When I stepped out of the shower one morning last week, my wife stuck her head out from under the covers and drowsily asked, “Did you hear that?”
“Hear what?” I asked. I stopped toweling my head to hear her answer and instead was greeted by a trio of lusty gobblers calling from a white-oak grove on a ridge north of our house. That’s my idea of a wake-up call.
I’m sure many of you are ahead of me in recording the first gobbles of the year. It shouldn’t surprise me to hear gobblers sounding off during the third week of March, but it always makes my heart skip a beat.
Gobblers start serenading hens weeks before their womenfolk are ready for romance. The chorus reaches a crescendo as the nuptials approach, then drops off as hens quit playing hard to get. Gobblers get lonesome again when hens begin sitting on nests a week or two later.
Missouri’s spring turkey-hunting season is set to coincide with that second peak of gobbling activity. Unusually warm or cold weather can shift this peak earlier or later by a few days, but the biggest trigger for gobbling is day length. Once we get to mid-April, toms are going to gobble no matter what.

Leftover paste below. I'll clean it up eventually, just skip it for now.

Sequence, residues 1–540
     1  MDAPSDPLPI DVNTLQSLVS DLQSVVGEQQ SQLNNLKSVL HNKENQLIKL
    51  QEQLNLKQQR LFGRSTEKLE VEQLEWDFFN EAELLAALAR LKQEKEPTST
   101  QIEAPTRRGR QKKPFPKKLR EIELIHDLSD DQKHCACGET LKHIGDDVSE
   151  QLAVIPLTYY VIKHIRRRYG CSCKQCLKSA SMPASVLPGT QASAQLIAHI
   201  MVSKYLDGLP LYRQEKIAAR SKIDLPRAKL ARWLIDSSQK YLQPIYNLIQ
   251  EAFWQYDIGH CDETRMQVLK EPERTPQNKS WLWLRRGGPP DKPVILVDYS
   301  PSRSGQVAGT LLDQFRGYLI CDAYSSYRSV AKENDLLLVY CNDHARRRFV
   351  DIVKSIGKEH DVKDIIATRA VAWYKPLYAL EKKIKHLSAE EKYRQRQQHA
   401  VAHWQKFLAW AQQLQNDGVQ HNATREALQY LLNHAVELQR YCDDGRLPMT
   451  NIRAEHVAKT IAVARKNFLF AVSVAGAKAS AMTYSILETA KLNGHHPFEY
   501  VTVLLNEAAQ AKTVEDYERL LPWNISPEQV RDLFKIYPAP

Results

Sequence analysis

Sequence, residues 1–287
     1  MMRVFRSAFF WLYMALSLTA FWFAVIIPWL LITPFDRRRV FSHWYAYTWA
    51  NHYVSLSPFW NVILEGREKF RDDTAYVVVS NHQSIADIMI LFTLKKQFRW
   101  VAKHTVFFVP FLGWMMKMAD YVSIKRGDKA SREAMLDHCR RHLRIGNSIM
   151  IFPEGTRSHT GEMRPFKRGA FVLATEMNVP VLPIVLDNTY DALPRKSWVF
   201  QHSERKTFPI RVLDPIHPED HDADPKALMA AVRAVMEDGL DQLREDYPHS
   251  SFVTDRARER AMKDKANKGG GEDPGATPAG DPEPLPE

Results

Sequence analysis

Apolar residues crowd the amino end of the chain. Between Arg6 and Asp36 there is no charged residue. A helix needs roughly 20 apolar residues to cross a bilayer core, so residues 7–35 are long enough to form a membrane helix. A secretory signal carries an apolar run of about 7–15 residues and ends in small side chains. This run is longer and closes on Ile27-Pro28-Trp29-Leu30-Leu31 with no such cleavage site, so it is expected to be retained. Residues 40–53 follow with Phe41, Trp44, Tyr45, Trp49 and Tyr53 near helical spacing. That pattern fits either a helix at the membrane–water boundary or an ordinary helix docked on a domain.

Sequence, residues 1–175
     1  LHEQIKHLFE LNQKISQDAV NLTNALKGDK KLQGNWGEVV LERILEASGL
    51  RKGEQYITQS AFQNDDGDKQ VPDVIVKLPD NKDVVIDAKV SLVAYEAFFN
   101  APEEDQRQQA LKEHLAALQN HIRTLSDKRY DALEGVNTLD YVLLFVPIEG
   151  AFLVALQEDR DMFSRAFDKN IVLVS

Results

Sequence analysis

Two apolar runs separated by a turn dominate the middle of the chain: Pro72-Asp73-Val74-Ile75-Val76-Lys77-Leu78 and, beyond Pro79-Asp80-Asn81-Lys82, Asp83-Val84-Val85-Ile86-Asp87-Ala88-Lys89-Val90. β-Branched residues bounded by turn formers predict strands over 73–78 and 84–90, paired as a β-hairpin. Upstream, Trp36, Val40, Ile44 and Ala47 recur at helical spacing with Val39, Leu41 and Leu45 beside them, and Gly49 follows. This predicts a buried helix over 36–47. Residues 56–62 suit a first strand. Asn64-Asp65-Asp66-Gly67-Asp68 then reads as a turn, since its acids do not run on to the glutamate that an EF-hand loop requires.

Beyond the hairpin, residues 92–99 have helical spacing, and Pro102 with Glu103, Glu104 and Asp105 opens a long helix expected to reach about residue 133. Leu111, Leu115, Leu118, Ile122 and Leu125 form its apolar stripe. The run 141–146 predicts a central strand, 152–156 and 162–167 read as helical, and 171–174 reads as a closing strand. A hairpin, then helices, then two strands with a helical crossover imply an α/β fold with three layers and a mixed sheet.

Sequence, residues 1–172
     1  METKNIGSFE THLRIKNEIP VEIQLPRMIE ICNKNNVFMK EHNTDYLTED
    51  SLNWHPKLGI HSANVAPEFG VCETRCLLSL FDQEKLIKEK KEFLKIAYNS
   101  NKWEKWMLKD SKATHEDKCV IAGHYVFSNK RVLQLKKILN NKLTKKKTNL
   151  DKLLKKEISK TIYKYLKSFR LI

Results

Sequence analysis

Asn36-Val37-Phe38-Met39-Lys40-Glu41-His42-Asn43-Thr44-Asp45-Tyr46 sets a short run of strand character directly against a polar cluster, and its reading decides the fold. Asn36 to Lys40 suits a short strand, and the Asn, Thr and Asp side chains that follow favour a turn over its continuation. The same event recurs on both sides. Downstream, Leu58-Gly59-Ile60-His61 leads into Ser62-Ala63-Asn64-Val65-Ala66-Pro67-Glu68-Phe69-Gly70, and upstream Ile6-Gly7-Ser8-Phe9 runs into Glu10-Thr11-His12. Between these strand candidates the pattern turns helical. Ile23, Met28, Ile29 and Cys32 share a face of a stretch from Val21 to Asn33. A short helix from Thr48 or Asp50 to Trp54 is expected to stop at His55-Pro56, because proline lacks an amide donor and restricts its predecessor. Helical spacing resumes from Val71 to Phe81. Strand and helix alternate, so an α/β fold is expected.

Setting the hunting season this way gives turkeys time to take care of the important business of making more turkeys. It also puts hunters in the field when toms are most receptive to calling and less likely to be distracted by real hens.
So, it’s time for me to put fresh chalk on my classic Ike Ashby walnut box call. I’ll sand my slate to coax the best possible tone out of the Tunable Peg call invented by my friend Kenny Long down in El Dorado Springs. I’ll sit on the deck mornings, trying to pinpoint the tree where the loudest bass sings, and I’ll plot strategies that Meleagris gallopavo will demolish with his infinite capriciousness.
I wonder if someone makes an alarm clock with a gobble tone…